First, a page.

Introduction: Key Turner (For People With Arthiritis)

Picture of Key Turner (For People With Arthiritis)

I designed this key turner especial for people that have arthirits or have a hard time turning keys. It's a simple design made of wood band it helps tremendously in reducing the amount of torque needed to turn a key along with providing a greater surface area to hold on to.

If there is anything that i could fix please tell me. this is my first instructable.

Step 1: Materials Needed

Picture of Materials Needed

For this project you will need three pieces of wood.
Dimentions:
- .75 x 1.5 x 2.25 in.
- .75 x .5 x 1.5 in.
- .75 x .75 x 4 in.
(If you already have these peices you can skip to step 6, if not i will show you how I cut them out from a peice of wood that is 1.5 x 1.5 x 24 )
(Try to get the a hard wood that doesn't split easily down the grain)

As for the actual tools, you will need:
- A ruler
- A pen
- C clamps (optional)
- A saw (hand held, table, or band saw)
- Grinding sticks and/or sandpaper (optional)
- A drill
- A wood 3/32 inch drill bit
- Screws that can be 1" or 1 1/4"
- Wood glue (optional)

Step 2: Cutting Into the Basic Peices

Picture of Cutting Into the Basic Peices

1. Take your ruler, pen, and wood.
2. Measure out 1.5 inches, 2.25 inches, and then 4 inches (each measurment starts at the end of the other)

Step 3: The First Cut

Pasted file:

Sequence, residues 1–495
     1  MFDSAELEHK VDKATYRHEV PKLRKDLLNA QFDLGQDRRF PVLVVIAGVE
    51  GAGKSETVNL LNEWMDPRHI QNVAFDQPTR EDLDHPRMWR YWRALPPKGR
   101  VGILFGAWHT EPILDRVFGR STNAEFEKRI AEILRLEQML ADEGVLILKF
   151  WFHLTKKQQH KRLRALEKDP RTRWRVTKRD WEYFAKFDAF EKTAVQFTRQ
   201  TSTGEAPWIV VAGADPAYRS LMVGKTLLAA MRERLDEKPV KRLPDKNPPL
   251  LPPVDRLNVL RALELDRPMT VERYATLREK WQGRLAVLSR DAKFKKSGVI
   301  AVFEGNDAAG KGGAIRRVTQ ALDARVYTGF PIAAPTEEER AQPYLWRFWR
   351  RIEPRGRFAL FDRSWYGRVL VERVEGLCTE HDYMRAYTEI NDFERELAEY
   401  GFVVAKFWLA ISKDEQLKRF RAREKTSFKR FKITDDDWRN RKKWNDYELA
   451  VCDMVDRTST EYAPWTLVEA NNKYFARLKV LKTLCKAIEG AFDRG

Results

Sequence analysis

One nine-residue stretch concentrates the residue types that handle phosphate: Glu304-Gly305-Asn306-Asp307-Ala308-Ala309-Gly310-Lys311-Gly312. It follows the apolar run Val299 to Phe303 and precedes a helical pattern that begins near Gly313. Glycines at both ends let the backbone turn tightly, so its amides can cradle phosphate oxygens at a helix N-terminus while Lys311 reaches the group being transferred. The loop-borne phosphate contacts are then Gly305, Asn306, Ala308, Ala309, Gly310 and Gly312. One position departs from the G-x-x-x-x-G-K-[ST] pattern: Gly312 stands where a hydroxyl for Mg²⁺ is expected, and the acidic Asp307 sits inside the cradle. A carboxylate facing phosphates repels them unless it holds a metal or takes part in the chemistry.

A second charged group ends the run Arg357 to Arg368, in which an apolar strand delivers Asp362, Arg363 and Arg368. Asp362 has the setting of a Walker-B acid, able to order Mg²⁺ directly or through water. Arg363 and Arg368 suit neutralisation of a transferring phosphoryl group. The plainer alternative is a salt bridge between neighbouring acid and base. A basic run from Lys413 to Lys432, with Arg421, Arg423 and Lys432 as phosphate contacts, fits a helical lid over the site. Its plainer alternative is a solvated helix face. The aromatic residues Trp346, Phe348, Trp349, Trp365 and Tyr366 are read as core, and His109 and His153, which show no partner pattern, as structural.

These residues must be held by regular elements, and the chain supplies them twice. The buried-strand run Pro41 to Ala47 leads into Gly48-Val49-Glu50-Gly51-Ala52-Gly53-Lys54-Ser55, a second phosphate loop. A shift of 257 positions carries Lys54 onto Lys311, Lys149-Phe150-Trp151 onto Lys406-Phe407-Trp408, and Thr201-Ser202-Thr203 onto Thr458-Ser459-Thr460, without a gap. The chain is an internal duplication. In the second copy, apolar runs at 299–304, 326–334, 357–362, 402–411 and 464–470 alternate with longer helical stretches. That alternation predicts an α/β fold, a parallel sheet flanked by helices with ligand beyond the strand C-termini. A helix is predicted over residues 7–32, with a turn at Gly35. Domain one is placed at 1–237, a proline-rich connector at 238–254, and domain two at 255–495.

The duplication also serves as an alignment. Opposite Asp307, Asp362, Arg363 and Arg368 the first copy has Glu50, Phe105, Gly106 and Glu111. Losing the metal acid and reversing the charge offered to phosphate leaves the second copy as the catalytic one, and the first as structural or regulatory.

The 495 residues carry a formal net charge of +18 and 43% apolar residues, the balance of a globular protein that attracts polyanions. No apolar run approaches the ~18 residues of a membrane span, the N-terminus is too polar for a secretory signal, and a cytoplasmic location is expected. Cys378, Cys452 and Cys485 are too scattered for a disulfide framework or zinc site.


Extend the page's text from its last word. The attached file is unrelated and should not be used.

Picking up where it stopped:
Picture of The First Cut

Simply cut the wood down the lines you created (I used clamps to help me hold it down, since I cut them by hand)

Then draw a strait line separating the wood into two equal parts and cut 

Step 4:

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Now get the 4 and 1.5 inch peices and draw a strait line separating the 4  inch peice in half ( .75 of an inch ) and draw a line on the 1.5 inch peice that is .5 inches away from the edge.

(The pen marks should be drrwan on the freashly cut surface or the one on the opposite side )

Then cut

Step 5: The Wooden Peices

Picture of The Wooden Peices

Once you've cut them you have the 3 basic peices :)

Step 6: The Forming Cuts

Picture of The Forming Cuts

Now its time to cut them so that they can fit together perfectly

Take the 4 inch peice of wood and place the 1.5 inch mark on any one of the corners. Rotate the rule using the 1.5 inch mark as the center of rotation. when the 0 inch mark reaches the side of the wooden rectangle you should have a triangle mark that off and cutt it.

Step 7: Forming the Cuts Part 2

Picture of Forming the Cuts Part 2

For this step your going to follow the same procedure as in the last step, but with a measurment of .75 inches.

Take the 4 inch peice of wood and place the .75 inch mark on the uncut corner across from the other. Rotate the rule using the .75 inch mark as the center of rotation. when the 0 inch mark reaches the side of the wooden rectangle you should have a triangle. mark that off and cut it.

Step 8:

Picture of

For this step your going to follow the same procedure as the last 2 steps, but with a measurment of .5 inches.

Take the 1.5 inch peice of wood and place the .5 inch mark on any corner. Rotate the rule using the .5 inch mark as the center of rotation. when the 0 inch mark reaches the side of the wooden rectangle you should have a triangle. mark that off and cut it.

Step 9: The Final Peices

Picture of The Final Peices

PICTURE 1
Now that you have your final peices you can put them together and see them start to form the key turner.

PICTURE 2
Now we need to see were we are going to insert the screws

PICTURE 3
Draw a line down verticaly from the top peice onto the lower peice